• Applying simple labels to students, such as ‘lazy’ or ‘smart,’ rather than making judgments based on observations.
  • Believing students have a fixed level of ability
  • Content delivery dominated by lecturing.
  • Assessment dominated by tests, particularly multiple-choice test.
  • Praising achievement rather than effort.
  • Not recognizing the connections between the motion, identity, and healthful learning.

Research-Informed Strategies Every Teacher Should be Doing with Every Student

  1. Class periods should be designed with an understanding that what students will recall most is what takes place in the first part of the class and what students will recall second most will take place in the closing minutes of class.
  2. Student should be given more frequent, formative, low stakes assessments of learning.
  3. Students need more opportunities to reflect and think meta-cognitively on their learning and performance.
  4. Students need to know that the pervasive way they choose to study is actually hurting their ability to learn for the long-term. Testing is much more effective than reading one’s notes.
  5. Students, parents, teachers, and school leaders need to understand that sleep is critical to memory consolidation. Without sufficient sleep, we create a system that perpetuates the illusion of learning.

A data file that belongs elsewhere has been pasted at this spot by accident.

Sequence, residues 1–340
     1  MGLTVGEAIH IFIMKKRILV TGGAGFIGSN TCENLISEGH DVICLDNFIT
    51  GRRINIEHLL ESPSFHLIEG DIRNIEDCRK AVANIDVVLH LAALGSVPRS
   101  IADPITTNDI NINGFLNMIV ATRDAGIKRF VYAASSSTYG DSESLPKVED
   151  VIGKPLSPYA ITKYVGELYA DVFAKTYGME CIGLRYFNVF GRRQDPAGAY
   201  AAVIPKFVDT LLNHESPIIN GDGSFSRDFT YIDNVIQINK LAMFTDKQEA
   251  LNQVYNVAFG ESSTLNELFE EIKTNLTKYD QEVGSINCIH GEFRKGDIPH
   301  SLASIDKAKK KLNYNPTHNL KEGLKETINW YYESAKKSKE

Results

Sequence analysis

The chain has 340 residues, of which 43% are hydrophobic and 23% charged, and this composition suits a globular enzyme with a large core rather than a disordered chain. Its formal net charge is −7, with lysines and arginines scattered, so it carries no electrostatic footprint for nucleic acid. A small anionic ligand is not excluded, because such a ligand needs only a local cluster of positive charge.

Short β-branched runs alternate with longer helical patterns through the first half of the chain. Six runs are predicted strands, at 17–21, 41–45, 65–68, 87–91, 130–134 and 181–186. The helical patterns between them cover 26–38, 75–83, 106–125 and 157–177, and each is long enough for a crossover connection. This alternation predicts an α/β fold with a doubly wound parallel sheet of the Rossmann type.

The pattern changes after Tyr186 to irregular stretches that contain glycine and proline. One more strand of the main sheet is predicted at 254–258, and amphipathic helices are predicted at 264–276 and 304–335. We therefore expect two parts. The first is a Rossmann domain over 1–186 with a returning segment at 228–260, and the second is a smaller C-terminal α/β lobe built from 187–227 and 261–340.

6. Students need to know that ‘effort matters most’ and that they have the ability to rewire their brain to make themselves better learners and higher achieving students (the concept of neuroplasticity).
  7. Students need more, but well-judged, opportunities for choice in their learning, which enhances engagement and intrinsic motivation.
  8. Students need to love their limbic system and recognize the impact that stress, fear, and fatigue have on the higher-order thinking and memory parts of their brain.
  9. Students need opportunities to transfer their knowledge through the visual and performing arts.
  10. Students need their teachers to vary the modality of teaching and assessment based on the content: What method suits this topic best? What methods have I just used and will use soon so that I can provide a range of challenges? All students learn best when taught in a variety of modalities, and when the modality is chosen with the content in mind rather than the student.
  11. Students need to know the anatomy of their brain, especially the role the prefrontal cortex, amygdala, and hippocampus play in their learning.
  12. Students need frequent opportunities during the school day to play.

There are questions at the end of each chapter (modeling activities to help remember and recall ideas) and a formative self-assessment on readers’ knowledge of MBE is available online. It is also a balanced book that understands that research can only inform practice. It is up to teachers to use their professional judgment to consider multiple sets of research findings within the context of the needs of specific students.

Read the Entire Series: